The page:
*"Red Letters," DC Talk from the album Supernatural, 1998.
Songwriters: Michael De Wayne Tait; Kevin Max Smith; Toby McKeehan; Christopher Harris; Mark James Heimermann.

Sunday, April 18, 2010

A New Twist on An Old Tale

The Pharisee sermon by Amos Nidiffe
He also told this parable to some who trusted that they were righteous and regarded others with contempt.
Two people went to church to pray, one an intellectual, the other a politician. The intellectual, standing by himself, was praying thus, "God I thank you that I am not like other people: thieves, capitalists, conservatives or even like this politician. I garden, eat organic and shop fair trade."
The politician, standing far off, would not even look up to heaven but beat his chest saying, "God be merciful to me, a sinner!"
I tell you, this man went home justified rather than the intellectual; for all who exalt themselves will be humbled, but all who humble themselves will be exalted.*

*"Sermon No. 12," Geez magazine, Summer, 2008, p. 38. Amos Nidiffer lives in his native Carter County, Tennessee.

Saturday, April 17, 2010

Love someone who does not deserve it

"Manifesto: The Mad FarmerLiberation Front" by Wendell Berry
So, friends, every day do something
that won't compute. Love the Lord.
Love the world. Work for nothing.
Take all that you have and be poor.
Love someone who does not deserve it.
Because this is a vision of life that embraces humility and patience,

Give your approval to all you cannot
understand. Praise ignorance, for what man
has not encountered he has not destroyed.
Ask the questions that have no answers.
Invest in the millenium. Plant sequoias.
Say that your main crop is the forest
that you did not plant,
that you will not live to harvest.
Say that the leaves are to be harvested
when they have rotted into the mold.
Call that profit. Prophesy such returns.*

* Wendell Berry, "Manifesto: The Mad FarmerLiberation Front," in The Selected Poems of Wendell Berry (Washington, D.C.: Counterpoint, 1998), pp. 87-88. As quoted in Walsh, Brian J. and Keesmaat, Sylvia C., Colossians Remixed: Subverting the Empire (Downers Grove: InterVarsity Press, 2004), p. 178. See the entire Wendell Berry Poem here.

Monday, April 12, 2010

Destinations and Hand-baskets

I must preface this by saying that there is much good in this world. But sometimes, as I read the news, I find myself wondering, "Where are we going? . . . And why am I in this hand-basket?"

Sunday, April 4, 2010

Taking the Easy Way

I wish there was an easy way to live out this life of faith. I wish there was some way to just say a few words and "presto" life would be simple, righteous, just, easy, and uncomplicated. Jesus, the night before He was crucified, asked for an easier way.
He went on a little farther and fell to the ground. He prayed that, if it were possible, the awful hour awaiting him might pass him by. "Abba, Father," he cried out, "everything is possible for you. Please take this cup of suffering away from me. Yet I want your will to be done, not mine." Mark 14:35-36 (NLT)
But there was no easier way for Jesus. The cross was the way that God could show His love for all people for all time; and there is no easy way for us. Each day is a new start and a new day in which we once again commit ourselves to following Jesus. We follow with joy, we follow with sorrow, and we follow with hope.
Magic Wand (Chris Rice)

He rode his wagon into town
A gaudy spectacle
And every gray November brought him there
Always entertaining
Pulling rabbits from thin air
He would wave his magic wand
He would say the magic words
Working up a miracle
Puttin’ on a show
Changing what I thought to be
Unchangeable reality
Wish I had a magic wand of my own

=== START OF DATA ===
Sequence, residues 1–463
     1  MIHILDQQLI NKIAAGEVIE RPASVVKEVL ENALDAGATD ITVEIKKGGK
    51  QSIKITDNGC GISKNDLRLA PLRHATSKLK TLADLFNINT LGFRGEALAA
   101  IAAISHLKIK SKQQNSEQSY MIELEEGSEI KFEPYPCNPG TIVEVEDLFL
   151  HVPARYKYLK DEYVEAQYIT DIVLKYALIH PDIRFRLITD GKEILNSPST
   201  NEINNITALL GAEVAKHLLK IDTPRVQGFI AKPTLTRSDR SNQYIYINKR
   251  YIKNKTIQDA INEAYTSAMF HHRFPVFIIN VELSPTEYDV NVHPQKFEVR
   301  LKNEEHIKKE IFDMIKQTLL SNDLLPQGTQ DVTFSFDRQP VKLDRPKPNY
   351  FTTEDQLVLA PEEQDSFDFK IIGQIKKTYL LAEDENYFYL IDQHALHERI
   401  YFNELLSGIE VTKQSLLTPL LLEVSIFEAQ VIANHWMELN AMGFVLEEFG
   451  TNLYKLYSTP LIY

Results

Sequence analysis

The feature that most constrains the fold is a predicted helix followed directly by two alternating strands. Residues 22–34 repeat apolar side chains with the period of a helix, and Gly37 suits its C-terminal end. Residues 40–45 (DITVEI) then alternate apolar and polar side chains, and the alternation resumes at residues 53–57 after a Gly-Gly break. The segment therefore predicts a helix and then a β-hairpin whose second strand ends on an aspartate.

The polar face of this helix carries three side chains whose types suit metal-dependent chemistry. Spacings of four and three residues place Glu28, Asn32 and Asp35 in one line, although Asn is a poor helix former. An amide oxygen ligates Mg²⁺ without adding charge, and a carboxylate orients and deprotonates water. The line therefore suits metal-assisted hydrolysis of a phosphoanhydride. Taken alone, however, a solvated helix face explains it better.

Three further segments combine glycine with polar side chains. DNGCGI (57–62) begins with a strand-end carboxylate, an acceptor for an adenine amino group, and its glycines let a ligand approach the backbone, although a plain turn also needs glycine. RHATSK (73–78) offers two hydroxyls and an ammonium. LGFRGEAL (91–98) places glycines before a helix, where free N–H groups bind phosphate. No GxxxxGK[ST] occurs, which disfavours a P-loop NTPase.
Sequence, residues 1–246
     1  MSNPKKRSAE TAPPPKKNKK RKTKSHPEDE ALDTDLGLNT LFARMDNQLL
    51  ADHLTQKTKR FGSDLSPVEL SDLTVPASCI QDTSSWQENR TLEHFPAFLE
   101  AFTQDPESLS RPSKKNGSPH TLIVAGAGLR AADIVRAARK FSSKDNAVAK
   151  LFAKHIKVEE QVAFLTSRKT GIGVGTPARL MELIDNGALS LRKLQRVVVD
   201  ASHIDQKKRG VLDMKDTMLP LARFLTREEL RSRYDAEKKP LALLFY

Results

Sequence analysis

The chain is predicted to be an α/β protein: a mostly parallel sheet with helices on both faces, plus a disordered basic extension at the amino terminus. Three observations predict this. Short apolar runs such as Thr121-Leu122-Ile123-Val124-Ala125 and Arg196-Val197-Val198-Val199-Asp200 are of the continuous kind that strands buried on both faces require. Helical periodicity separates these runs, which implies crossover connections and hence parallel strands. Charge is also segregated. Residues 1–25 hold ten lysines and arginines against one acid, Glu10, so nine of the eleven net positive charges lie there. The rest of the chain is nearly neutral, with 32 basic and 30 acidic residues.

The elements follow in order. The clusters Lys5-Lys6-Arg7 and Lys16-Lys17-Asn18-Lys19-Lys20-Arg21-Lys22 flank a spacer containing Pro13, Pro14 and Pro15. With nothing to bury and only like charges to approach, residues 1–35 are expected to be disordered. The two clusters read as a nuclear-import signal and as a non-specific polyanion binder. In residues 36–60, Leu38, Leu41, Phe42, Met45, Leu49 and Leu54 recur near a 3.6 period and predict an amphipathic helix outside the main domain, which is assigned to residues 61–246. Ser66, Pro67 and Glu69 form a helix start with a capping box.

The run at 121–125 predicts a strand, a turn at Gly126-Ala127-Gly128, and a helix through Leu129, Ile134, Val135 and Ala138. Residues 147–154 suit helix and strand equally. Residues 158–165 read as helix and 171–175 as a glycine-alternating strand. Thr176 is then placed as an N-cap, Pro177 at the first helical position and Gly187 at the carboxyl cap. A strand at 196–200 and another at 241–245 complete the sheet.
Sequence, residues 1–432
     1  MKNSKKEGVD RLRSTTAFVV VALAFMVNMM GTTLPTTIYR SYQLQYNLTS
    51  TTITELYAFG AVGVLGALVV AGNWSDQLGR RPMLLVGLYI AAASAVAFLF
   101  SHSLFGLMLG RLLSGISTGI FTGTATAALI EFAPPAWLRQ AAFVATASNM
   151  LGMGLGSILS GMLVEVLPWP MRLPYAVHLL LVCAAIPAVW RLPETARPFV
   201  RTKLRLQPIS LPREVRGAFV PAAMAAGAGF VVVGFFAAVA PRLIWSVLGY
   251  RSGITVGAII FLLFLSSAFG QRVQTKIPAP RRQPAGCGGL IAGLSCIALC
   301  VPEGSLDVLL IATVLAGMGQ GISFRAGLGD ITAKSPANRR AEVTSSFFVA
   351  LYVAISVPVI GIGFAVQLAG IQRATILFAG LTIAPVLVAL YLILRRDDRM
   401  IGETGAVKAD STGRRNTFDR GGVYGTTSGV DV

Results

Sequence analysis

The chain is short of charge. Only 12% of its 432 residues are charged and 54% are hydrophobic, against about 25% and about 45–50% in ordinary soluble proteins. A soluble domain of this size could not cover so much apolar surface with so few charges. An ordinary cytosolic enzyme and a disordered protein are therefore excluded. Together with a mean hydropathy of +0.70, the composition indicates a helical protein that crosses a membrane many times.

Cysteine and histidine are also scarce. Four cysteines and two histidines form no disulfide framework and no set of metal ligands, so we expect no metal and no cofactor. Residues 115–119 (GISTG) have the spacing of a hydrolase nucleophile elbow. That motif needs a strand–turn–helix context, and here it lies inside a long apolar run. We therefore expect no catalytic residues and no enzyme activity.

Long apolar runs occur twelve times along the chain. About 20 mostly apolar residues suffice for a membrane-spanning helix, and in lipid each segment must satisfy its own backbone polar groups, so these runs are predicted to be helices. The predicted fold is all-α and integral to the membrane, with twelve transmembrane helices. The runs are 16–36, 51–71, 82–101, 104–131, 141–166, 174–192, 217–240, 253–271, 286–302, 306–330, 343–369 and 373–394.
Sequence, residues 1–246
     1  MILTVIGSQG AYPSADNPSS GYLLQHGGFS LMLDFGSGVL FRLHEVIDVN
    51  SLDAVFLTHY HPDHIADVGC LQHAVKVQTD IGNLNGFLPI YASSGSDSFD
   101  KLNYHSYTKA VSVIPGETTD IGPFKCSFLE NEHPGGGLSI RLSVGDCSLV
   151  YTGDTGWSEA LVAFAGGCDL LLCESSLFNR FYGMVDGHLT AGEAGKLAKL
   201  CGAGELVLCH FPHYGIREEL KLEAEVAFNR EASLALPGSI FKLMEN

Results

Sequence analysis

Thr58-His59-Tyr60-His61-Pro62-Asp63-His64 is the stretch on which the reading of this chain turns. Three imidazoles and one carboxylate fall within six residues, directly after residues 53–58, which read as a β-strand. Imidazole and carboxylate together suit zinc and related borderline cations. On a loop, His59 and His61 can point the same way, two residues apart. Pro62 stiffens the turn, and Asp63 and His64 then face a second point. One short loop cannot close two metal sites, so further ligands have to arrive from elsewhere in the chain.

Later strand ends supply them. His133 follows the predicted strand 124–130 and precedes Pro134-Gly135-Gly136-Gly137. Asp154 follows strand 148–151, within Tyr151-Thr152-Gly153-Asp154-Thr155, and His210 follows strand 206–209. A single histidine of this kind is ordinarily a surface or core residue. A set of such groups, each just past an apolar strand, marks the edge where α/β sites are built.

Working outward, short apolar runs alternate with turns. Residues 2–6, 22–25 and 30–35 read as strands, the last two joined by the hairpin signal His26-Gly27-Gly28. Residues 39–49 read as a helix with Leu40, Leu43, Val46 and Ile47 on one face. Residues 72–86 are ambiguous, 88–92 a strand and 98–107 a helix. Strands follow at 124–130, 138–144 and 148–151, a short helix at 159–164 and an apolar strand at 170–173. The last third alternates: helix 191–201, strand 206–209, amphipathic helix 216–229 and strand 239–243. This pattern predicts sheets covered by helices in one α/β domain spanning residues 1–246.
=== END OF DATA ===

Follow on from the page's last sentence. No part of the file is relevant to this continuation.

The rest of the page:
Now twenty-three Novembers later
The prestidigitator
Still holds a power in my mind
‘Cause I’d like a quick and easy way
To look inside and make a change
A magic wand would do me fine
I would wave my magic wand
I would say the magic words
Working up a miracle
Puttin’ on a show
Changing what I thought to be
Unchangeable reality
If I had a magic wand of my own

I would wave it over me and over you
And over all this crazy world
And make it right
Oh and there’s so much I’d change
If I could take the easy way!

I would wave my magic wand
I would say the magic words
Working up a miracle
Puttin’ on a show
Changing what I thought to be
Unchangeable reality
If I had a magic wand of my own

The only way to really change
Is simple choices everyday
Obey the Spirit-whisper in my soul
With the help of God, a little time
Can change a heart, renew a mind
Without a magic wand He’ll work a miracle...

Copyright 2000 Clumsy Fly Music (ASCAP)

Thursday, April 1, 2010

The Cross

The cross was not the defeat of Christ at the hands of the powers: it was the defeat of the powers at the hands - yes, the bleeding hands - of Christ.[1]

The whole biblical drama, . . . the whole tradition of the embrace of pain - from the initiation of covenant to the devastating events of Passion Week – declares that evil is defeated when it is allowed to expend itself in demonic fury on that which it hates the most, the Source of all good. On the servant of the Lord, in the Messiah’s death on the cross, that demonic fury is let loose. The cross was "the victory of weakness over strength, the victory of love over hatred. It was the victory that consisted in Jesus' allowing evil to do its worst to him, and never attempting to fight it on its own terms. When the power of evil had made its last possible move, Jesus had still not been beaten by it. He bore the weight of the world’s evil to the end, and outlasted it."[2]

This is what C.S. Lewis calls "deeper magic from the dawn of time" in The Lion, the Witch and the Wardrobe (London: Fontana, 1950), chap. 15.[3]

[1] N. T. Wright, Following Jesus: Biblical Reflections on Discipleship (Grand Rapids: Eerdmans, 1994), p. 19.

[2] N. T. Wright, New Tasks for a Renewed Church (London: Hodder and Stoughton, 1992), p. 72. as quoted in Brian J. Walsh and Sylvia C. Keesmaat, Colossians Remixed: Subverting the Empire (Downers Grove: InterVarsity Press, 2004), p. 111.

[3] Brian J. Walsh and Sylvia C. Keesmaat, Colossians Remixed: Subverting the Empire (Downers Grove: InterVarsity Press, 2004), p. 111.